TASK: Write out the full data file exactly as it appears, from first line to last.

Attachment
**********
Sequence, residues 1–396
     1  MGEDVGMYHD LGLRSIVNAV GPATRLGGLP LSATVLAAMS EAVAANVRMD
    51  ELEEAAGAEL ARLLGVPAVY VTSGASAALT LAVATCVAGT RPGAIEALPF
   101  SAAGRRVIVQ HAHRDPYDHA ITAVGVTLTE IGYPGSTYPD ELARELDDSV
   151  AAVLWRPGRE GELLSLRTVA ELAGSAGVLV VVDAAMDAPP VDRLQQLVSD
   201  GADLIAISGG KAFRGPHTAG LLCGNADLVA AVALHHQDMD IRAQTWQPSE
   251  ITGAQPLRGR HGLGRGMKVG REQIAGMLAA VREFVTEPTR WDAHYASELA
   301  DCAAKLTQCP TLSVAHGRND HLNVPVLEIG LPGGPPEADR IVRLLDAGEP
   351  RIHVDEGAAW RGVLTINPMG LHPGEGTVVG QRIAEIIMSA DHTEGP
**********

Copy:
Sequence, residues 1–396
     1  MGEDVGMYHD LGLRSIVNAV GPATRLGGLP LSATVLAAMS EAVAANVRMD
    51  ELEEAAGAEL ARLLGVPAVY VTSGASAALT LAVATCVAGT RPGAIEALPF
   101  SAAGRRVIVQ HAHRDPYDHA ITAVGVTLTE IGYPGSTYPD ELARELDDSV
   151  AAVLWRPGRE GELLSLRTVA ELAGSAGVLV VVDAAMDAPP VDRLQQLVSD
   201  GADLIAISGG KAFRGPHTAG LLCGNADLVA AVALHHQDMD IRAQTWQPSE
   251  ITGAQPLRGR HGLGRGMKVG REQIAGMLAA VREFVTEPTR WDAHYASELA
   301  DCAAKLTQCP TLSVAHGRND HLNVPVLEIG LPGGPPEADR IVRLLDAGEP
   351  RIHVDEGAAW RGVLTINPMG LHPGEGTVVG QRIAEIIMSA DHTEGP